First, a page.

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It took three years for artist and TV host Lachlan Goudie to compile The Story of Scottish Art. Here are his favorite pieces of work. Check it out and, at [email protected], tell us what you think.
The 5,000-year-old figurine was found on the Orkney Island of Westray in the Ties of Noltland.
This 41 mm tall sandstone figurine, which an archaeologist found on a beach during a 2009 excavation at Westray on the northwest coast of the Orkney archipelago, dates back to the Neolithic period. It was unceremoniously called “The Westray Wifey” by the locals and it is considered Scotland’s oldest figurative piece of art, which blows my mind. The Wifey has been called “Orkney Venus,” after its discovery, and two circular marks carved into her chest have been interpreted as breasts, drawing similarities to ancient Greece’s ancient fertility figures.
Church of St. Marnock, Easter at Fowlis, Fife
Crucifixion Pre-Reformation oak panel paintings.
Since 1180, there has been a church at Fowlis Easter, and St. Marnock’s looks nondescript today, like a gray stone barn. But one of only two remaining pre-Reformation crucifixion paintings in Scotland is the painting of the Crucifixion inside – and if you look closely at the painting, you can understand why. The scene’s violence is accompanied by an assault on the painting itself. There are holes from nails driven into the wood; some panels bear scars. There are other signs of harm in the church: statues of angels with broken jaws, saints decapitated.
The Artist’s Infant Son, 1741.
I have been mistaken for a long time for the porcelain-like beauty of sterility portraits by Allan Ramsay. But this cool surface, in fact, is a mask that belies strong feelings of love and loss that are shaking beneath the surface. In no work is this more apparent than in his portrait of his dead son, a small work in oil on canvas that he painted after the death of his 14-month-old son. He later told a friend that “while he was thus occupied, [he]felt no more consternation than if the subject had been an indifferent one. All sorrow had disappeared.” This touched me profoundly as a father.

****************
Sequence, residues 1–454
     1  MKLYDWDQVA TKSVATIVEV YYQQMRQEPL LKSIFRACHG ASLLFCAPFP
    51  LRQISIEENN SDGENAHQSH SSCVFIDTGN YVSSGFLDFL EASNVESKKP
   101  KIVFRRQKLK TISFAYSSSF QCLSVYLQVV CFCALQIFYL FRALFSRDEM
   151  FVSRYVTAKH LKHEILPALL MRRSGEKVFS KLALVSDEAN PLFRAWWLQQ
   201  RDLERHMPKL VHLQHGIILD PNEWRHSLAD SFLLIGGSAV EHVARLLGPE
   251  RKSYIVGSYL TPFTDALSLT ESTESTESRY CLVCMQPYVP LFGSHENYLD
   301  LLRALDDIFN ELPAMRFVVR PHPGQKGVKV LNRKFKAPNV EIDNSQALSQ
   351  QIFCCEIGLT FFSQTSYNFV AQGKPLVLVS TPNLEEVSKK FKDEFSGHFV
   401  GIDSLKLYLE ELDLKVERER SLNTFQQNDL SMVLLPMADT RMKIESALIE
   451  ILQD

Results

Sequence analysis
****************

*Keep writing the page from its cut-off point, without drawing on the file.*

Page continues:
To Edwin Landseer
The Glen King, 1851
Edwin Landseer was English, but produced in a Scottish sense in his most famous novel, Monarch of the Glen. In the Scottish imagination, the depiction of a stag rising from the heather has never evoked a stronger evocation of Scotland; it ranks with bagpipes, tartan, and a shortbread mouthful. But few other paintings have evoked such contradictory emotions in the psyche of a country. Some see it today as an example of cultural colonialism, a myth imposed by an Englishman which obscures the authentic national identity of Scotland. The monarch is a canvas with a complex pedigree, but pictures like this helped make Scotland a blockbuster, beautifully painted and skillfully composed to both seduce and command the viewer.
James Guthrie James Guthrie
The Daughter of A Hind, 1883
No matter how many times I see James Guthrie’s A Hind’s Daughter, the image remains so immediate that it feels like I’m stumbling upon the scene for the first time. The girl looks up, catches my attention as much as Guthrie’s, and quietly watches as I leave behind her. It’s a snapshot without bombast or melodrama, a distillation of the ideals upheld by the Glasgow Boys group of painters. Guthrie carefully regulates the sound in this painting to mimic sunlight softly filtering through the Scottish clouds. Guthrie’s use of color is heavily influenced by the French artist Jules Bastien-Lepage, who was a guiding figure for all Glasgow Boys painters.
Arthur Melville Melville
At the Moulin Rouge Dancers, 1889.
A detail from Arthur Melville’s Dancers at the Moulin Rouge is featured on the cover of The Story of Scottish Art. And with good reason. Melville was not an abstract painter, but he was an artist who knew when to trust the unconscious gestures his hands made on the fly. On an intoxicating night at the Moulin Rouge in 1889, Melville simply let the paint flow from his brush. This resulted in a painting in which three overlapping pools of pigment spill into each other, curling this way and that. It’s maddeningly joyful.
Charles Rennie Mackintosh
The Mackintosh Building, the Glasgow School of Art, 1896-1909
My father was a lecturer at the Glasgow